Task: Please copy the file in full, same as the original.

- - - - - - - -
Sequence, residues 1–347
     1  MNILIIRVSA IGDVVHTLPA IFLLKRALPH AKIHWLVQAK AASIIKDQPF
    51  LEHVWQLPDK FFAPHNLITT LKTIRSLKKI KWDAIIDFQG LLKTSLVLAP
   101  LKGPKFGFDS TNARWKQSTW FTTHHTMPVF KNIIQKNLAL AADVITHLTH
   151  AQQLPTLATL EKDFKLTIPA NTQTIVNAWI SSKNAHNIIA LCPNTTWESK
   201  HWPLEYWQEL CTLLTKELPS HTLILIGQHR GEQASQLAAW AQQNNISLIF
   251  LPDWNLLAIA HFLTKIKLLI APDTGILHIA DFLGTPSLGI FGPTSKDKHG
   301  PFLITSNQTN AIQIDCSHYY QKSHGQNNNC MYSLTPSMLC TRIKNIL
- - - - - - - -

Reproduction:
Sequence, residues 1–347
     1  MNILIIRVSA IGDVVHTLPA IFLLKRALPH AKIHWLVQAK AASIIKDQPF
    51  LEHVWQLPDK FFAPHNLITT LKTIRSLKKI KWDAIIDFQG LLKTSLVLAP
   101  LKGPKFGFDS TNARWKQSTW FTTHHTMPVF KNIIQKNLAL AADVITHLTH
   151  AQQLPTLATL EKDFKLTIPA NTQTIVNAWI SSKNAHNIIA LCPNTTWESK
   201  HWPLEYWQEL CTLLTKELPS HTLILIGQHR GEQASQLAAW AQQNNISLIF
   251  LPDWNLLAIA HFLTKIKLLI APDTGILHIA DFLGTPSLGI FGPTSKDKHG
   301  PFLITSNQTN AIQIDCSHYY QKSHGQNNNC MYSLTPSMLC TRIKNIL